1.2 Where are the Donors on Workforce Development?

World Bank

The World Bank is ramping up engagement with employment and workforce development-related issues, with the World Bank’s 2013 World Development Report to address “Jobs,” and with Bank leadership taking very activist position(s) on the role of workforce development in industry upgrading and growth.

Addressing “who should pay for workforce development”—a key issue discussed in the workforce development chapter of Making Cents International’s 2010 State of the Field1 publication—support for an active government role in orchestrating and financing workforce development, at least indirectly, is found in the growing New Structural Economics (NSE) field, the principal “spokesperson” for which is World Bank Chief Economist Justin Yifu Lin. Lin wrote, “A well-designed policy on human capital development should be an integral part of any country’s overall development strategy. The new structural economics goes beyond the neoclassical generic prescription for education and suggests that development strategies include measures to invest in human capital that facilitate the upgrading of industries and prepare the economy to make full use of its resources.”2 Writing in a January 2012 blog entry, Lin also explicitly linked NSE to youth employment, advocating that developing countries use the Bank’s Growth Identification and Facilitation Framework (a manner of guidance on industrial policy) to identify promising sectors and strategically support industry upgrading to stimulate creation of higher-productivity employment opportunities for youth.

World Bank researchers examining the informal sector in the MENA region offered salient guidance to program designers and implementers in less formal settings. Summary findings of a forthcoming major report confirmed that “how training is delivered (hands-on, community-based, combining learning with earnings) matters,” and that, “training is most effective if provided with placement services, i.e. job search assistance and soft skills training,”3 providing further support for an array of public or semi-public interventions.

In late 2010, The World Bank also offered broad guidance for designing “Active Labor Market Programs for Youth,” which encompasses the entire range of youth-focused training and non-training interventions to which we refer as WfD.4

UNESCO

Closely related to World Bank activities pertaining to the Global Partnership for Education (formerly the Education for All Initiative), UNESCO annually publishes the Global Monitoring Report tracking progress towards six core “Education for All” (EFA) goals. According to UNESCO, “the 2012 Education for All Global Monitoring Report will examine how skills development programs can improve young people’s opportunities for decent jobs and better lives,” particularly focusing on how skills training can create opportunities for marginalized groups. The report is expected to focus specifically on the role of technical and vocational education and training in providing labor market-relevant training to vulnerable youth and young adult populations, and on the question of providing skills to those without the basic literacy and soft skill preparation necessary for participation in the workforce. The report will be published in September 2012.5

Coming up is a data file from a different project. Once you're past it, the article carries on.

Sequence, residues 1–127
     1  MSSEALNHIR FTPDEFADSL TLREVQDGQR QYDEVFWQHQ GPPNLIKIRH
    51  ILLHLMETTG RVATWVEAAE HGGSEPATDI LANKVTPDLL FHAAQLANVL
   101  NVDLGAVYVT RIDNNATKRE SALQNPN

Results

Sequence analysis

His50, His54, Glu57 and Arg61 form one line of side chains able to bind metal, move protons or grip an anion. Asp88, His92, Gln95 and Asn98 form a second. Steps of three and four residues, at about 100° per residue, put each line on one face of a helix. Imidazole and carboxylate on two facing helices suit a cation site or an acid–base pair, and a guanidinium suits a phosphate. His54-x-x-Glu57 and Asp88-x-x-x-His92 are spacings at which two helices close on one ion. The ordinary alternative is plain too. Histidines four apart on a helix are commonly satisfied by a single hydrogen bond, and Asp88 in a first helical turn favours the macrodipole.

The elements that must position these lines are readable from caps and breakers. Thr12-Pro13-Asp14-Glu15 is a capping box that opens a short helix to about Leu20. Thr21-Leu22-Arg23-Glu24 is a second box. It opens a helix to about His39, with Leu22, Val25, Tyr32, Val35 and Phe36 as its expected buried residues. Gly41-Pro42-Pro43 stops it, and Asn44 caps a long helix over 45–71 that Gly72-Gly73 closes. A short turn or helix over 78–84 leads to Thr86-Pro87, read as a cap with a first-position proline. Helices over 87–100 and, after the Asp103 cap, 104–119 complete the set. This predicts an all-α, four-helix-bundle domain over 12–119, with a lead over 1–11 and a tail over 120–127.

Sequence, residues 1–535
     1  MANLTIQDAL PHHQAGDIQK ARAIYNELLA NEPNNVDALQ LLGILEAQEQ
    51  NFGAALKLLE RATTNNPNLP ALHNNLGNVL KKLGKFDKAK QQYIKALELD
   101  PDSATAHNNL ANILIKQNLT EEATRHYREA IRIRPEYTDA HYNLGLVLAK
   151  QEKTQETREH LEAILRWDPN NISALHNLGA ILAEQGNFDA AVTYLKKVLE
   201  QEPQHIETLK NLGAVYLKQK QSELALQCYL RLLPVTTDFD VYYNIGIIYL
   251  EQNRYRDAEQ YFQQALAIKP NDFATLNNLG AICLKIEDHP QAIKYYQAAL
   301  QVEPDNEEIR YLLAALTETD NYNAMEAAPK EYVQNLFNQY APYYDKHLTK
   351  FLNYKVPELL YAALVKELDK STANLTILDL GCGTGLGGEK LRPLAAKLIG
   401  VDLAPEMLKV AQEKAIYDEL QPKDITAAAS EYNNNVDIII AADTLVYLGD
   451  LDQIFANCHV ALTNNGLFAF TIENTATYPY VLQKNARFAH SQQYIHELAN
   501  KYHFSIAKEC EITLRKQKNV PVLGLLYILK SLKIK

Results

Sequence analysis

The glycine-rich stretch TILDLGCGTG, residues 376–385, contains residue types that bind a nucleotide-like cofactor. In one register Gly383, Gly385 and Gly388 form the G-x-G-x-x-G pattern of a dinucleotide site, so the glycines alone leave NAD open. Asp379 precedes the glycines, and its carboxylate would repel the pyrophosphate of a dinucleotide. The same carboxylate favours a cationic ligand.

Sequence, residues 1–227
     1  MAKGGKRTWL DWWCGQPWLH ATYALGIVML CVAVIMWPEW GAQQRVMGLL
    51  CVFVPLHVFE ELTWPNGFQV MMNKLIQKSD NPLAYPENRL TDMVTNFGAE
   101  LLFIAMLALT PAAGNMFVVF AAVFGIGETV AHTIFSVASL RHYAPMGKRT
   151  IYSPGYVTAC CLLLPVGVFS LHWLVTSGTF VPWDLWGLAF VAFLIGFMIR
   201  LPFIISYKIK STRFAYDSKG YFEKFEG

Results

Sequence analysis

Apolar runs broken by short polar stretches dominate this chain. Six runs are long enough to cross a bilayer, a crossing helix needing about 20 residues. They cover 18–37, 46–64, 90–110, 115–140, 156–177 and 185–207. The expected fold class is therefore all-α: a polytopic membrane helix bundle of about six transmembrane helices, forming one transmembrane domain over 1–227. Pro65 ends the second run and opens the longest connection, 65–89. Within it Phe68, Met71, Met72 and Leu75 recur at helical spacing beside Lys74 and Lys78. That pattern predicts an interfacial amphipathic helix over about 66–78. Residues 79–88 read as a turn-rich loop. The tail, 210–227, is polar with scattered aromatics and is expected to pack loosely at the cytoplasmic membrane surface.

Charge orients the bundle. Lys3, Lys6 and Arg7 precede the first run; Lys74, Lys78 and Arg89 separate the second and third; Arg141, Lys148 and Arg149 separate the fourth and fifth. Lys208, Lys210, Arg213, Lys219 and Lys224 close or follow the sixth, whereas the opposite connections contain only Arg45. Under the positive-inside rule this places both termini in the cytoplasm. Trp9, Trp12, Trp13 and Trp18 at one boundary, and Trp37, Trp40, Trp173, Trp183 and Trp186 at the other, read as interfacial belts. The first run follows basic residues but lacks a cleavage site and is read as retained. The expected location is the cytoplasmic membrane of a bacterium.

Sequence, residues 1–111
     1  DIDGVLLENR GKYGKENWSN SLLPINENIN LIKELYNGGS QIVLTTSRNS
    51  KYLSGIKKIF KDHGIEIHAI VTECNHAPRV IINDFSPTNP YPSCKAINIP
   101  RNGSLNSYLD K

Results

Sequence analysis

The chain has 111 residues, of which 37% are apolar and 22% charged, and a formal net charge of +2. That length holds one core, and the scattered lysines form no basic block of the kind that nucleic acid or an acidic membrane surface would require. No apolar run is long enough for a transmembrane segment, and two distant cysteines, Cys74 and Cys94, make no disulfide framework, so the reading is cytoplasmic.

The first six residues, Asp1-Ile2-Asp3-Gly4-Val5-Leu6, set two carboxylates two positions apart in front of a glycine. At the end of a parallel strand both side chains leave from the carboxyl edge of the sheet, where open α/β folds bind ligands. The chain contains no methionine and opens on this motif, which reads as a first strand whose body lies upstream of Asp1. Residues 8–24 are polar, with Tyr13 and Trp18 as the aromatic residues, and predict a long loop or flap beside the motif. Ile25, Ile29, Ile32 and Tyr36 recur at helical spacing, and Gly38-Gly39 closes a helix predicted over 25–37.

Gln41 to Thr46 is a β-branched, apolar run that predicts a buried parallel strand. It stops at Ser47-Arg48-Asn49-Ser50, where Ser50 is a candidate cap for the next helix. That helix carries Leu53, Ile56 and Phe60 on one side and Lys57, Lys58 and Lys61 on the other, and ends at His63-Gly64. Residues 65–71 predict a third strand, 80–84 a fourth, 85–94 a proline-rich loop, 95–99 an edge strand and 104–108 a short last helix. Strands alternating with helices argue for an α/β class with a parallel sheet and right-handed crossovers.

USAID

Likewise, the USAID Education Strategy 2011-2015,6explicitly recognizes hard (technical) skills; soft skills (and attitudes), and partnerships and linkages as key to workforce development success. Goal 2 of the strategy, which was released in February 2011, calls for “improved ability of tertiary and workforce development programs to generate workforce skills relevant to a country’s development goals,” and gave mention to the need for both hard and soft skills. Under goal 2.3, USAID notes, “an effective workforce development strategy must include demand-driven systems that offer a wide range of education, training and information for skills development and creation of a new mindset for work. Establishing extensive business, nonprofit and public sector linkages and partnerships at all levels–local community, national, regional, and international–are likewise central.” Many issues highlighted throughout Making Cents’ 2011 Global Youth Economic Opportunity Conference’s (GYEOC) Workforce Development learning track, including promotion of skill standards, industry-based certifications, career counseling, and mentoring also figure prominently in the new USAID strategy.

Asian Development Bank (ADB)